Resilient Ministry: Spiritual Formation

I’ve begun posting about the excellent book, Resilient Ministry. As I mentioned in the first post, the authors highlight five themes from their extensive research with pastors and their spouses:

  1. Spiritual formation
  2. Self-care
  3. Emotional and cultural intelligence
  4. Marriage and family
  5. Leadership and management

Each of the themes basically gets 2 chapters (though theme #3 is subdivided and gets four chapters). The first theme to be developed is spiritual formation.

Spiritual formation is defined as the ‘ongoing process of maturing as a Christian, both personally and interpersonally.’ The book notes pertinently that ‘pastors often slip into the trap of building their identities around their roles and performance rather than being beloved children of God and co-heirs with Christ.’ As one of the participants noted (the book is liberally sprinkled with direct quotations from participants), the spiritual tasks of pastoral life can replace personal spiritual growth: sermon preparation takes the place of mediating on Scripture for personal worship.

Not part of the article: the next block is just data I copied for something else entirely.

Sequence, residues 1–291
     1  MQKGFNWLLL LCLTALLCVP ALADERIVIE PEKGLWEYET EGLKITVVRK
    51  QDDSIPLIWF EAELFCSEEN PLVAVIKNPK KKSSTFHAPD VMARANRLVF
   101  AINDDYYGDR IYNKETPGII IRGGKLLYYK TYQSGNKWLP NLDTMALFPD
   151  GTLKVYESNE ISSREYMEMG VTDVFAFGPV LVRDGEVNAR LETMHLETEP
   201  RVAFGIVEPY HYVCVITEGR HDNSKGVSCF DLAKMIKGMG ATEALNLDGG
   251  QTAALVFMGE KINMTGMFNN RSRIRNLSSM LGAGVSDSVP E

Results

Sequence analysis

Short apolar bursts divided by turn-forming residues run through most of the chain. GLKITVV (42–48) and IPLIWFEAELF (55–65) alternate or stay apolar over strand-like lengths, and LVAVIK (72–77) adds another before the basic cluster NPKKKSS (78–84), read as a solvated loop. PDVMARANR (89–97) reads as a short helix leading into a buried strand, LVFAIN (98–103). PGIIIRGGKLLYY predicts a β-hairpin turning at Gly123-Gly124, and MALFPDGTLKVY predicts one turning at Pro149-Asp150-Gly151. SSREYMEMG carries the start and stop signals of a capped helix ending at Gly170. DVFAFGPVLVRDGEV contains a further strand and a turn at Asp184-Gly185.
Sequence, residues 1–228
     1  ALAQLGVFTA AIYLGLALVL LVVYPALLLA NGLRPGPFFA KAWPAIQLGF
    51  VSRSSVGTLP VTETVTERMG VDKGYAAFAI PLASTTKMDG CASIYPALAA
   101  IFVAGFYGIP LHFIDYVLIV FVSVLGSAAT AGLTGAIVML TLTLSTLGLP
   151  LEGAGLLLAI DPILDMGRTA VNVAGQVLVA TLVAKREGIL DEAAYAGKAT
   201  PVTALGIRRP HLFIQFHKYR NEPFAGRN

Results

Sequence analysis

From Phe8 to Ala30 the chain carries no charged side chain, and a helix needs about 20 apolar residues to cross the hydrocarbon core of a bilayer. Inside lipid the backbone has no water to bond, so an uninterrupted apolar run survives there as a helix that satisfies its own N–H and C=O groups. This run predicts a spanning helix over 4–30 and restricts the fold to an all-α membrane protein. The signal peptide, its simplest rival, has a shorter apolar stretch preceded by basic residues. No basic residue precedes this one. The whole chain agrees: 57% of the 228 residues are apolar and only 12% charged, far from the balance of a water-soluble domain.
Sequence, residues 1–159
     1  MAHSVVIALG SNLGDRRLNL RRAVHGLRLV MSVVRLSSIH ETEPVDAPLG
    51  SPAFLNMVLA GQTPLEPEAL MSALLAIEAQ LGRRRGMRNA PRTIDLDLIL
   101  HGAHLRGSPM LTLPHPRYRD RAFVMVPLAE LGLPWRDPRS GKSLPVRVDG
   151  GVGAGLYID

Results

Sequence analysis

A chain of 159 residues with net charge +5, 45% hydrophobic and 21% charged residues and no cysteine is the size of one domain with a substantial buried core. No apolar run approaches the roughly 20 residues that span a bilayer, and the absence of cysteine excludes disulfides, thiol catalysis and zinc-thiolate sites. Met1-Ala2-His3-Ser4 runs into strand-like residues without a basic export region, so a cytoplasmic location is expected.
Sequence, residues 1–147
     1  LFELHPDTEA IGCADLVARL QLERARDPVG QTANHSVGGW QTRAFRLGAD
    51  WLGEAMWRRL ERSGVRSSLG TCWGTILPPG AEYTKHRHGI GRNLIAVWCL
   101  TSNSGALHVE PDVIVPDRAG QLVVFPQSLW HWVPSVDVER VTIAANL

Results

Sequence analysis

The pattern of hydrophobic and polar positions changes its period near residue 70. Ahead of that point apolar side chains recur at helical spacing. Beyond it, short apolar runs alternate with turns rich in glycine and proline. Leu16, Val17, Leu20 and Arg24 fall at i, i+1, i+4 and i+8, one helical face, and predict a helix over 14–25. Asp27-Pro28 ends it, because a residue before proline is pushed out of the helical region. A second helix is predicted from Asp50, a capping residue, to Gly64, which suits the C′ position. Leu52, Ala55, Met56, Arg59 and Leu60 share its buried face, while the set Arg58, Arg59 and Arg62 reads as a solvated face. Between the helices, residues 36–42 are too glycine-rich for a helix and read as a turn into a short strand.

A significant obstacle to spiritual formation is highlighted: workaholism. This, report the authors, is largely fuelled when pastors believe that they don’t work hard enough (everyone works harder than they do) and when they assume that they are responsible for everything that happens in the church.

Work for God that is not nourished by a deep interior life with God will eventually be contaminated by other things such as ego, power, needing approval of and from others, and buying into the wrong ideas of success and the mistaken belief that we can’t fail

(Pete Scazzero)

In order to pursue spiritual formation, four key practices are highlighted.

  1. Building rituals: ‘Each of us must explore the rhythms that make our life fruitful for God.’
  2. Maintaining accountability: ‘study after study shows that most pastors are lonely.’
  3. Growing through hardships. Here the book draws from the work of Russ Moxley who  suggests that hardships can teach four categories of lesson: self-knowledge/ sensitivity towards others/ limits of personal control over circumstances/ flexibility. For learning to happen, however, there needs to be reflection and there need to be support systems.
  4. Spiritual disciplines: namely reflection (an important theme), prayer, sabbath, repentance and worship. Perhaps surprising that the discipline of Scripture was not mentioned.

Without critical self-reflection, pastors easily fall into a trap of only thinking about how they can use recent experiences and ideas in their teaching and preaching.

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